Trip reports

The Wirral - 02/03/13

The Wirral - 02/03/13
Purple sandpiper - Dennis Atherton

Saturday, 2 March 2013

A sunny, crisp and frosty morning greeted us as we arrived on the Wirral. Our first stop was Denhall Lane where we walked down the path towards Decca Pools. In the hedges lining the path we saw blackbird, goldfinch, chaffinch and robin. A nice addition was a small group of siskin. Out on the marsh were a few little egrets along with shelduck, mallard, teal and good numbers of skylark and reed bunting. As we got to the pools we found redshank, curlew and shoveler. The best sighting at this location was a merlin which was initially perched on a fence post but then flew past on the hunt.

Our second stop was the new RSPB reserve, Burton Mere Wetlands. From the reception hide we had excellent views of a water rail out in the open. In the woods were nuthatch and siskin. The marsh covert hide showed us the usual ducks - pintail, wigeon and pochard. There were also a good number of black-tailed godwits.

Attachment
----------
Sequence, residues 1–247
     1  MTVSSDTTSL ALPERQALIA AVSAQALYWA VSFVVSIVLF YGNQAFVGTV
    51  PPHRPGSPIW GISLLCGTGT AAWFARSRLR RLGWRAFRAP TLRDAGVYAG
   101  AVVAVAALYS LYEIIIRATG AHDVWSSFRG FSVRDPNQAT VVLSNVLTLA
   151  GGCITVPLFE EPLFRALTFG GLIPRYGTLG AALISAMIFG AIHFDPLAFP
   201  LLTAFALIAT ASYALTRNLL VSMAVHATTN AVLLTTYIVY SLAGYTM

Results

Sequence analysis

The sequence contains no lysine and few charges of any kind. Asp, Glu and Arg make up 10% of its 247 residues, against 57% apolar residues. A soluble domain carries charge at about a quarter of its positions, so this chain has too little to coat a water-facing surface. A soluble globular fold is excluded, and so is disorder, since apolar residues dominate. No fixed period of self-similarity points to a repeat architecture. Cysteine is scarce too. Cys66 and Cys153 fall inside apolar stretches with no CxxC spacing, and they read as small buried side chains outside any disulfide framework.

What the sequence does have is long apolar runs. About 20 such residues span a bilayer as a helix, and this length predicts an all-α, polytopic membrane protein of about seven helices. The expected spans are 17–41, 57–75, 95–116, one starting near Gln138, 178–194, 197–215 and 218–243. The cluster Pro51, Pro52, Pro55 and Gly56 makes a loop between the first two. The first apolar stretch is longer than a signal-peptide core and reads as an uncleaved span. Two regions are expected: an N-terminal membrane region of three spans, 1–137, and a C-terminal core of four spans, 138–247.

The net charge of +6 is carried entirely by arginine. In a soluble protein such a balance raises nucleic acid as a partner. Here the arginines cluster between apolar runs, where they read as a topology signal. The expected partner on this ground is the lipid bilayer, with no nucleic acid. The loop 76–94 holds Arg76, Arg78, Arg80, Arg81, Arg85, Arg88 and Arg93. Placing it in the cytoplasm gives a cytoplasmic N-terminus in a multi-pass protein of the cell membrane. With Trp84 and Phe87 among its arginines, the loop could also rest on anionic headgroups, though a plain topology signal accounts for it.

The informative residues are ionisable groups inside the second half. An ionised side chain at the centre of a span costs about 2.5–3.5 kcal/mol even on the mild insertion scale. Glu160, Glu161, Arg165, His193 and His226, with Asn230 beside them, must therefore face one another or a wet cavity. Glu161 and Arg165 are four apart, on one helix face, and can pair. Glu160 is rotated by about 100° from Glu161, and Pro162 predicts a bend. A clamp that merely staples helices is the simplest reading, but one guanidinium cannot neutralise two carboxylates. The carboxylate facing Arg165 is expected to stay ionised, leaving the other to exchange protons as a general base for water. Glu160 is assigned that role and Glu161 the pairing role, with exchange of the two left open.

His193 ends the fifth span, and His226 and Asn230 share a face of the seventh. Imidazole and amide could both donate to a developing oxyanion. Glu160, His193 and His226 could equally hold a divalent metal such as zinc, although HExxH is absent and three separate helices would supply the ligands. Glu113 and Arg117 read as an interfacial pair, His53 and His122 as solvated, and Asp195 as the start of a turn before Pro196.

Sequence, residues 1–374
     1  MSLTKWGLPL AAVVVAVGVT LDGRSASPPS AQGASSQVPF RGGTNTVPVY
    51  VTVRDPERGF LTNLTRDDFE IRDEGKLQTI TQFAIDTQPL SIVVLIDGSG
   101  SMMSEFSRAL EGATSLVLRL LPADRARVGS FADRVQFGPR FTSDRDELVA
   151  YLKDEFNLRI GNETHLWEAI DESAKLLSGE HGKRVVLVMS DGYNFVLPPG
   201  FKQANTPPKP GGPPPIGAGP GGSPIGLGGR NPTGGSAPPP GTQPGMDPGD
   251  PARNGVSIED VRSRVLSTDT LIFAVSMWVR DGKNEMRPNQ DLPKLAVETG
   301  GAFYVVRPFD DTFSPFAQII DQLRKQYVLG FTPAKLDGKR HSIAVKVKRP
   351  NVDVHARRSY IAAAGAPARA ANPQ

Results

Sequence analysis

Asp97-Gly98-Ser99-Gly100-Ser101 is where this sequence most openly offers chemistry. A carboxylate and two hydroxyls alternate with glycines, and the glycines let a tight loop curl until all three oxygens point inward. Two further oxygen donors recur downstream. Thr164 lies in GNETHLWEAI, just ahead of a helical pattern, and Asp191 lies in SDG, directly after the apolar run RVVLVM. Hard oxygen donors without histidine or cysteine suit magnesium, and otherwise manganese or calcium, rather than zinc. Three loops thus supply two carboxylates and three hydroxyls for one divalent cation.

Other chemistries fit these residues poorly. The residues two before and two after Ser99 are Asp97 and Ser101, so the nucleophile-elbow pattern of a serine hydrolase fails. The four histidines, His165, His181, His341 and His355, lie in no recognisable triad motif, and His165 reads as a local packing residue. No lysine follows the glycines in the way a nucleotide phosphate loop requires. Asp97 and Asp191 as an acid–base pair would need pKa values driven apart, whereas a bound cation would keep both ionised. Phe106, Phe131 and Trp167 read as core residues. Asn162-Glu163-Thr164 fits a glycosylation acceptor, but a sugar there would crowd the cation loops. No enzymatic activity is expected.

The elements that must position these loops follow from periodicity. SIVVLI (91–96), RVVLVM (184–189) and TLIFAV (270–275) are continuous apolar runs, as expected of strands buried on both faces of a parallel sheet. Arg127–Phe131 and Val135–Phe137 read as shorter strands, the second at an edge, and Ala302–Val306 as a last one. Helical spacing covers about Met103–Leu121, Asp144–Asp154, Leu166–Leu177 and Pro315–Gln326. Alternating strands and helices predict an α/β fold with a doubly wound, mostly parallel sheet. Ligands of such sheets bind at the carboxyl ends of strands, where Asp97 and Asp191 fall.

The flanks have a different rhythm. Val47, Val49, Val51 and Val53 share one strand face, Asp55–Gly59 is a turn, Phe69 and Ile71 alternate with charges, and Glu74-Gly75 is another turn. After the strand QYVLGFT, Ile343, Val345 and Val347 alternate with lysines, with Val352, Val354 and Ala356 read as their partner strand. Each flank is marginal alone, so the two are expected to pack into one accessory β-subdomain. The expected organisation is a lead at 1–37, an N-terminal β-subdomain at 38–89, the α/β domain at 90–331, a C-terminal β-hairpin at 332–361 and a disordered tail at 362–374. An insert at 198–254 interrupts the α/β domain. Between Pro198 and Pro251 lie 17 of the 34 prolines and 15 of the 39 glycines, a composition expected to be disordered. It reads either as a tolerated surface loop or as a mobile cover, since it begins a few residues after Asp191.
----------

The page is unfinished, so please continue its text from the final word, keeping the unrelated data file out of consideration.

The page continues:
We then moved on to Parkgate where we had our lunch overlooking the newly formed & interestingly named Donkey Stand Flash. The highlights here were snipe, black-tailed godwit and little egret. After a trip into the outstanding ice cream shop (black cherry flavour - delicious!!!) we went up to the car park at the Old Baths at the north end of Parkgate. The idea was to watch the high tide come in. We weren't expecting the water to come right up to the wall as the conditions weren't right but we were at least expecting a bit of a show. We were very disappointed as the water didn't even come up onto the marsh at all. The saving grace was a stunning male hen harrier spotted by a member of our group, who is now known as Hawk-Eye, just as we were getting into our cars. This beautiful raptor flew right up the river giving us all good views.

The final stop was New Brighton where the high tide never fails to produce. The pontoons on the marine lake were packed with waders taking refuge while the beach was covered by the tide. Dunlin, turnstone and redshank were all present but the star species was purple sandpiper. As they were on the pontoons they were pretty close - you couldn't ask for better views or a better end to the day. 60 species seen.